Printing with white ink can be deceptively difficult – here are some tips to help you out!
There are several reasons white ink is notoriously tricky: It has more pigment than darker inks, so it’s thicker and more difficult to work with. You need to lay down a thicker layer of ink to create an opaque white print on a dark substrate. There are a lot of different white inks on the market, and using the wrong white ink can have a negative impact on your print.
While screen printers differ on their approach to printing with white ink on dark colors, here is our guide to printing with white ink.
Choose the Right White for the Job
Finding the right white ink can be more difficult than it seems, as there are a surprising amount of white inks on the market. While it might be tempting to pick one white for your shop and stick with it for all jobs, you’ll have much better success with your white prints if you pick the right ink for your substrate. White ink options include:
Cotton whites. As the name suggests, cotton white ink is made for printing on substrates that are 100 percent cotton, nylon or other substrates that aren’t subject to color bleeding during curing. Cotton whites are extremely easy to print with, and they leave behind a good finish.
Low-bleed whites. Low-bleed inks are designed for use on polyester or other synthetic fabrics whose dyes will bleed and stain the white ink during curing. Some printers are tempted to use a low-bleed white for all of their white printing, but low-bleed whites aren’t always the best inks: They can have a rougher feel, and the chemicals within the ink can affect the dyes in substrates, leading to a faded ring around the white ink referred to as “ghosting.”
Polyester whites. Polyester whites are a higher grade low-bleed white designed specifically for polyester printing. They are expensive and have a high viscosity that makes them more difficult to work with.
Mixing whites. Mixing whites are intended to be mixed with other inks for color matching, though some printers will use their mixing white as a white underbase.
On top of the type of white ink you choose, you’ll also have to find a brand that you prefer. Different white inks have different levels of opacity, different levels of bleed resistance, different flash-curing characteristics and different hand feels. Choosing which brand of white ink to print with generally comes down to personal preference, and a shop’s preferred white usually must be found through trial and error.
Production Techniques for Screen Printing with White Ink
Once you have found the right white ink for the job in your preferred ink brand, printing with white ink still takes some special care. First, because white inks have more pigment and a higher viscosity, you’ll want to do what you can to make the ink easier to work with. Because you’ll probably want your white print to be opaque, you’ll have to make sure you’re laying down a thicker print. Finally, you will have to alter your curing process because white ink doesn’t always cure like other inks.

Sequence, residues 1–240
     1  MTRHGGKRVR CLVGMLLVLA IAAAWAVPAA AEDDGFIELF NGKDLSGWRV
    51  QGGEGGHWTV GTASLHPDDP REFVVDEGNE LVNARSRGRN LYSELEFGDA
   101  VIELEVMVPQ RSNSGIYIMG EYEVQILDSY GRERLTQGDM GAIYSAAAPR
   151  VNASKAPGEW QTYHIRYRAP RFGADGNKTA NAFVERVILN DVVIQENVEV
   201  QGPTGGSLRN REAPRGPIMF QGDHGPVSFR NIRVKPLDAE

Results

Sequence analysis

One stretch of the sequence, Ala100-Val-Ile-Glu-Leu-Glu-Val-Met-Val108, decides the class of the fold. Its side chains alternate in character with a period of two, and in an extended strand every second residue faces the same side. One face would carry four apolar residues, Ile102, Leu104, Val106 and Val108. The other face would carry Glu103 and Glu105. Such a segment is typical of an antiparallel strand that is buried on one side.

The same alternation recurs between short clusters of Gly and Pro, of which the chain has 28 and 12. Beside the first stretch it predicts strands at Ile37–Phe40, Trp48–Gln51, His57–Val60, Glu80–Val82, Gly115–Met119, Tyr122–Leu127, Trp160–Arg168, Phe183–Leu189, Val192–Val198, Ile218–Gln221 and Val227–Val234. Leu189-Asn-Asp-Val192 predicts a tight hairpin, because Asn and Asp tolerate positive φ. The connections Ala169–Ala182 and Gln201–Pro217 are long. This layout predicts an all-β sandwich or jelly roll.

Here are some steps you’ll want to take when printing with white inks:
Use the right mesh count. Because white ink is thicker, and because you want to lay down a thicker deposit of it, you will have to use a lower mesh count screens. Printers vary as to what mesh count they prefer to use with white inks, but the mesh count should be in the 110 to 200 range. Whatever your mesh count, make sure your screen is taut to allow the ink to sheer cleanly away from the substrate during printing.
Make a thicker stencil. When you print, the thickness of your stencil determines how much ink is left behind on your substrate. With white ink, make sure your stencil is thick enough. Use the rounded side of a scoop coater when putting emulsion on your screen, consider adding a second coat on the substrate side of the screen and always dry screen vertically, with the substrate side of the screen down.
Increase your off-contact. A slightly greater off-contact distance will help you to lay down a thicker ink deposit, and it will help your screen clear your print more smoothly. Try using an off-contact distance of 1/8 inch when printing with white ink.
Employ proper squeegee technique. A rapid, firm squeegee stroke will lay down a thick, precise white print. Don’t be tempted to press harder to lay down more ink. Let your squeegee do the work.
Cure white prints longer. White ink can reflect the heat of your curing unit. Because of that, and because you generally lay down a thicker white print, white prints take longer to cure. Slow down the speed of your conveyor dryer to allow your white ink enough time to cure. Test the final temperature of your ink as it comes off of your curing unit to make sure it has reached the curing temperature listed by the manufacturer.
White ink does have a learning curve, and it can be surprisingly frustrating for new and seasoned screen printers alike. By choosing the right white inks and slightly modifying your production process, you can erase the frustration and turn out perfect white screen prints every time.
Looking for some more tips on choosing and preparing your ink? Check out these blogs: